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Politically Speaking is WVXU Senior Political Analyst Howard Wilkinson's column that examines the world of politics and how it shapes the world around us.

Analysis: A primary election in August? Thank the Ohio GOP

people sitting at a wooden dais.
Daniel Konik
Statehouse News Bureau
The Ohio Redistricting Commission holds hearings on proposed congressional district maps from the public on Feb. 23, 2022.

Last week in this space we took a stab at explainingthe pretzel logic and Republican scamming of the system which has led us to an embarrassing and illogical position: In November, we will hold an election for Ohio's 15 congressional districts using a map that has already been ruled unconstitutional by the Ohio Supreme Court.

"Unconstitutional," as in "illegal."

And guess what? Next week, Ohio is about to do it again. In a primary election where a turnout of 10% will be considered remarkable.

The congressional district map making and state legislative district map making are governed by two amendments to the Ohio constitutional passed overwhelmingly by Ohio voters – the state legislative maps in 2015, the congressional district maps in 2018.

The idea was to create a process which, at the very least, took some of the partisan gerrymandering out of the process.

Well, so much for that idea... thanks, in large part, to a Republican majority in the Ohio General Assembly and on the Ohio Redistricting Commission, which has been thumbing its nose at the constitution – and, by extension, the Ohio voters who approved the amendments for nearly a year now.

So far, two congressional district maps and four state legislative district maps have been rejected by a four-member majority of the Ohio Supreme Court.

Here's a little explainer for this headache-inducing mess.

Why is Ohio holding a primary election on Aug. 2?

Because the Republicans who control the redistricting process in Ohio wanted to do an end run around that pesky Ohio Supreme Court, which kept insisting they follow the law.

They found a group of Ohio GOP voters — headed by Mike Gonidakis, the president of Ohio Right to Life — to file a lawsuit in U.S. District Court here asking the court to essentially take over the state legislative redistricting process.

They ended up with a friendly three-judge panel to hear their case — two of the judges were Trump appointees.

That panel, of course, sided with the plaintiffs, Gonidakis et al, and set an election date of Aug. 2, which Ohio Secretary of State Frank LaRose (a member of the redistricting commission) argued was the latest date on which a primary could be held without bumping up against the official election calendar of the November election.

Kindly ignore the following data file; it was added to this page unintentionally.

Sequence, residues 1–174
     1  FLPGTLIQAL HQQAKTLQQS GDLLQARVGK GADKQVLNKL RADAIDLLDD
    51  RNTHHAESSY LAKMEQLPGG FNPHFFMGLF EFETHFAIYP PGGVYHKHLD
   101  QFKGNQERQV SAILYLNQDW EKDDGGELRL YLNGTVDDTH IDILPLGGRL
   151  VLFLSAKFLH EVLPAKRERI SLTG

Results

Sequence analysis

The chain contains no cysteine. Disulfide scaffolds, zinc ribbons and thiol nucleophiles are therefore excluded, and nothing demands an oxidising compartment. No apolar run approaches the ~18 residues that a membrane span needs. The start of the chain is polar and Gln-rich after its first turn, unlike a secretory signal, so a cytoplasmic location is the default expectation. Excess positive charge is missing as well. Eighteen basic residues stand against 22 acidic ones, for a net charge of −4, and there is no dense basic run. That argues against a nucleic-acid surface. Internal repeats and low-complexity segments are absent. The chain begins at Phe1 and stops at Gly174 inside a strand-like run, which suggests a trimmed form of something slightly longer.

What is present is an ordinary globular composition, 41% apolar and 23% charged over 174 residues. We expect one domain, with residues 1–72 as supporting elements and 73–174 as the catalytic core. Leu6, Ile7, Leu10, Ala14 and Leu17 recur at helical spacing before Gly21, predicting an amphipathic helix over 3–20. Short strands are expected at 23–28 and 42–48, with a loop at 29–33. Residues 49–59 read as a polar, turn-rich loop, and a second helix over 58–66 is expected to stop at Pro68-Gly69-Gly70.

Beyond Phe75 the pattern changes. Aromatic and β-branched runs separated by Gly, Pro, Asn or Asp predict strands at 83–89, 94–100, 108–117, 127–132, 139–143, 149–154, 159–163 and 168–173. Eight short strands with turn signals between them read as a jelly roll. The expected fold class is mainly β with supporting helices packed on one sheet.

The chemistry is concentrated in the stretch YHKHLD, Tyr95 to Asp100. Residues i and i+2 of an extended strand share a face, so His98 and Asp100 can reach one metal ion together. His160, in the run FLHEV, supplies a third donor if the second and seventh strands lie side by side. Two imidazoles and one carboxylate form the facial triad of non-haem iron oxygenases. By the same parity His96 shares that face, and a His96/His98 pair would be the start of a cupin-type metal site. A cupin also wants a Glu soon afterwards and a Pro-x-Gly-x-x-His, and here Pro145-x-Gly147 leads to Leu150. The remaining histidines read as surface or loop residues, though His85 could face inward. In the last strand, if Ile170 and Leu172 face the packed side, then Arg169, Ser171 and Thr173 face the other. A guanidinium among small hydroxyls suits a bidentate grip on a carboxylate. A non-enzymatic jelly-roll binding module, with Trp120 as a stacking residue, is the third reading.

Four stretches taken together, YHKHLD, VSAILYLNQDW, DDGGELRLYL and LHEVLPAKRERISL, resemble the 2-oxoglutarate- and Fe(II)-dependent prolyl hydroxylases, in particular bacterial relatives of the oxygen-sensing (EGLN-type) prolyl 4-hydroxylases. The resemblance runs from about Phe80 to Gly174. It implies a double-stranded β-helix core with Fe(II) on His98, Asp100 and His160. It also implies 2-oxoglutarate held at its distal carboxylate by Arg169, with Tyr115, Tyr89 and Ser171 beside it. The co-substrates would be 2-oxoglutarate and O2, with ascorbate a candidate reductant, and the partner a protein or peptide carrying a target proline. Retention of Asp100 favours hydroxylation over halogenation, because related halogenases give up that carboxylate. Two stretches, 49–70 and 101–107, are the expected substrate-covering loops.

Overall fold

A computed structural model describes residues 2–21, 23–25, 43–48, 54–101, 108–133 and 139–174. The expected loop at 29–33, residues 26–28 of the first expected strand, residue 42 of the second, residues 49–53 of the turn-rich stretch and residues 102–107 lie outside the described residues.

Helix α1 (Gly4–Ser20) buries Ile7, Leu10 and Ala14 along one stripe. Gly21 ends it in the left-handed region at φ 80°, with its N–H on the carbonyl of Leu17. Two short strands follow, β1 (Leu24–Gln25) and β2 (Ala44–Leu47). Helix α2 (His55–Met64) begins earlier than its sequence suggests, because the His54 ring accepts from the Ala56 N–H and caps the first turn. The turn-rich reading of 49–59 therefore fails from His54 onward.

In true buttinsky-fashion, the three-judge panel also ruled the state legislative districts to be used for the August primary would be ones which had previously been ruled unconstitutional by the Ohio Supreme Court, not once but twice.

Buckeye voters will go to the polls in both August and November to vote in state and congressional legislative races using maps declared unconstitutional by Ohio's highest court.


What exactly will be on the ballot?

Ohio House seats, Ohio Senate seats and Democratic and Republican male and female members of the parties' state central committees. Those are on this ballot because the state central committees are elected by state Senate districts. You will have to choose a Republican or Democratic ballot. Doesn't matter which you have had in past primaries; Ohio is an open primary state and you can switch parties at will.

Is anybody going to show up for this election?

Not many.

In fact, unless you are a person who never misses an election, the odds are more likely that you will be hanging out at the pool or vacationing on a beach on Aug. 2 rather than heading to your local polling place.

If you do go to your polling place, you may well find that there are no contested races on your ballot – one name for Ohio Senate and Ohio House, one name for state central committee. A handful of state legislative districts around the area have more than one candidate running for the party nomination.

Sherry Poland, director of the Hamilton County Board of Elections, has said they are preparing for a 10% turnout. That may be a bit on the high side.

Based on the early absentee ballot requests and returns, it could end up being less than 10%.

That means candidates in contested races are going to have to carefully target their voters and get them to either vote early or go to the polls on Election Day. It's a heavy lift.

Vote early next Tuesday. Beat the crowds.

Howard Wilkinson is in his 50th year of covering politics on the local, state and national levels.